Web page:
MLB: 5 Greatest Games of the 2016 Postseason
Dear baseball fans: Can you hope for anything more from a World Series? The 2016 Fall Classic was tough to beat. It went seven games, had enough highs and lows to cause heart palpitations, and ended a championship drought spanning 108 years. You even got a rain delay after nine innings and free baseball in Game 7. In that sense, the pickiest of sports gods were appeased.
That was how the drama ended, but let’s not forget how it started. Both Wild Card games kicked off a thrilling edition of postseason baseball, and the conclusion was more like icing on the cake. If you like walk-off home runs, pitcher’s duels, and the usual serving of drama behind the scenes, you got your share from the first playoff game to the final out of the World Series.
Here are the best five games of the postseason, ranked.
5. Mets vs. Giants, NL Wild Card
Even opponents of the wild card must admit this one was worth it. You can’t top Madison Bumgarner and the Giants versus Noah Syndergaard and the Mets for the right to advance to the NLDS. This showdown had everything you want in a pitcher’s duel, and ended with Conor Gillaspie, a most unlikely hero, launching a three-run homer off Jeurys Familia in the top of the ninth. From there, MadBum took care of the rest.
We would have preferred a walk-off, but the seven-inning staredown between these pitchers set a perfect canvas for Gilaspie’s ninth-inning blast. In some ways, the match-up recalled the 1991 World Series showdown between Jack Morris and John Smoltz, albeit in a lower-stakes format. As in that game, the winner tossed a complete game shutout while his opponent threw 7 IP of scoreless ball. Gillaspie continued his magical run into the NLDS, but the Giants lost to a far better team in the next series.
4. Blue Jays vs. Orioles, AL Wild Card
The only thing missing from the NL Wild Card happened one night earlier in the AL version between Toronto and Baltimore. This game was deadlocked 2-2 from the bottom of the fifth until the bottom of the 11th. Then Edwin Encarnacion launched a three-run, walk-off bomb off Ubaldo Jimenez of the Orioles. Those four tense, scoreless innings are the sort of things baseball fans dream about at night. (For fans of the teams, they’re impossible to stomach.)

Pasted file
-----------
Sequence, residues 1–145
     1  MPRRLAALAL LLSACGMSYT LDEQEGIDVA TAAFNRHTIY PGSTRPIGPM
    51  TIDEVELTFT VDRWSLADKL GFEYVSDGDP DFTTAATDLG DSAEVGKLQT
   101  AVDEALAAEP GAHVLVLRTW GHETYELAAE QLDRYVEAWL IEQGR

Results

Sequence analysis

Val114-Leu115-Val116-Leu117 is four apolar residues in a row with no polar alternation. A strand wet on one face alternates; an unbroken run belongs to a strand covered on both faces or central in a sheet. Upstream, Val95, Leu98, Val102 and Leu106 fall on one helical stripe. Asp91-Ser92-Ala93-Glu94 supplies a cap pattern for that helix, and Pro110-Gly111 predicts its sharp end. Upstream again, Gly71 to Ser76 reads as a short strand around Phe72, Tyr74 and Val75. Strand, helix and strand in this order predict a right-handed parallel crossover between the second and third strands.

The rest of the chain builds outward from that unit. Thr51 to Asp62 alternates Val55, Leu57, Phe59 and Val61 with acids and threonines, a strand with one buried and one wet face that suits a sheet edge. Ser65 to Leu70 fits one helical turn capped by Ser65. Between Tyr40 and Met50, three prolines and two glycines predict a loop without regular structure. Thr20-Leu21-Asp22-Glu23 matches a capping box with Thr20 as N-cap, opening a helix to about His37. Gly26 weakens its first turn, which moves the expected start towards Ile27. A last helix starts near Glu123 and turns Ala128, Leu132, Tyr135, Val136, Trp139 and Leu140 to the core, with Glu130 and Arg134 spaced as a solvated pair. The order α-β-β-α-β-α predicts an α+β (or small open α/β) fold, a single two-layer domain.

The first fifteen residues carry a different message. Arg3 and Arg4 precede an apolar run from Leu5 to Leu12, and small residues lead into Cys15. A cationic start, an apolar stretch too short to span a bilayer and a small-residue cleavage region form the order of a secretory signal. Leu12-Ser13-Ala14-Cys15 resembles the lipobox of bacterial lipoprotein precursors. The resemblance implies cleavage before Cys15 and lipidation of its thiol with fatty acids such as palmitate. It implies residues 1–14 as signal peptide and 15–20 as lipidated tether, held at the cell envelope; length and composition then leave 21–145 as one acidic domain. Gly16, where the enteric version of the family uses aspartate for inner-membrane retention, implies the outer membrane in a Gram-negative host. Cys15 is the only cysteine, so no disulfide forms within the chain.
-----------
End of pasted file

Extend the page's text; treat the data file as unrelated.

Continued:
A total of 13 pitchers threw in this game, which was the epitome of “all hands on deck” on both sides. The one blemish was Buck Showalter’s refusal to use Zach Britton, the season’s best reliever, in a non-save situation. Had he pitched, they might have gone 15 innings, but we’ll have to live with Encarnacion’s dramatic, game-ending home run as a consolation prize.
3. Nationals vs. Dodgers, NLDS Game 5
When the postseason arrives, we want our heroes to be immortal, so the spotlight shine brightest on MLB’s best stars. In the NLDS between the Nationals and Dodgers, Clayton Kershaw had one of his best moments to date. Just two days after pitching into the seventh inning in a dramatic Game 4 loss, LA’s ace returned in Game 5 up 4-3 with runners on first and second and the lethal Daniel Murphy at the plate.
Again, baseball fans write these scripts in their heads all year, and in the clinching game you got the league’s best hitter against the league’s best pitcher. Kershaw won, getting Murph to pop up for the second out. The next man up — Wilmer Difo, last man on Dusty Baker’s bench — struck out on four pitches. The Dodgers advanced to the NLCS and Kershaw got his first brilliant postseason moment. Of the four opening series, this matchup is the only one to reach an elimination game.
2. Cubs vs. Indians, World Series Game 3
Until Game 3 of the Fall Classic, Chicago had not played a World Series game at Wrigley Field since the 1940s, and the first game back delivered high drama. Josh Tomlin and Kyle Hendricks dueled into the fifth inning without allowing a run, setting up a showdown between the Indians and Cubs bullpens. Upon entering, Justin Grimm faced Francisco Lindor in a base-loaded, one-out situation and got Cleveland’s star shortstop to ground into an inning-ending double play.
Tension continued mounting until the seventh. Andrew Miller had been mowing down Cubs hitters when Terry Francona subbed in Coco Crisp to pinch-hit for the ace reliever with one out and runners on first and third. Crisp, who delivered the knockout blow in Game 3 of the ALDS versus Boston, came through with a single to take a 1-0 lead. Things went smoothly until the ninth, when Cody Allen faced Javier Baez with two outs and runners on second and third. Allen struck him out to give the Indians a 2-1 Series lead.
1. Indians, vs. Cubs, World Series Game 7
Of course it had to come down to a Game 7. There were many blunders in this game by Cubs players and manager Joe Maddon, but still Chicago went into the eighth inning with a 6-4 lead and closer Aroldis Chapman on the hill. Then things got really complicated. With two outs and two strikes, Rajai Davis went down and drove a low pitch into the left-field bleachers to tie the game. As the great Vin Scully once remarked, “In a year that of the improbable, the impossible has happened!”
Yet it was far from over. After an awful bunt attempt by Baez with a runner on third and one out in the ninth, the game entered extra innings, and Cubs fans began wondering if they’d seen this nightmare before. (First, a rain delay put the action on ice for 2o minutes.) When the ground crew removed the tarp and the game resumed, Cubs batters quickly scored two off Bryan Shaw.
In the bottom of the 10th, with Chapman no longer available, Carl Edwards and Mike Montgomery escaped after allowing an RBI single to Davis that trimmed the led to 8-7. With David running on the pitch, Montgomery induced a slow grounder that Bryant fielded for the final out. Cubs won! Whew, it was one hell of a game, and a fitting end to an amazing postseason.
Stats courtesy of Baseball-Reference.com
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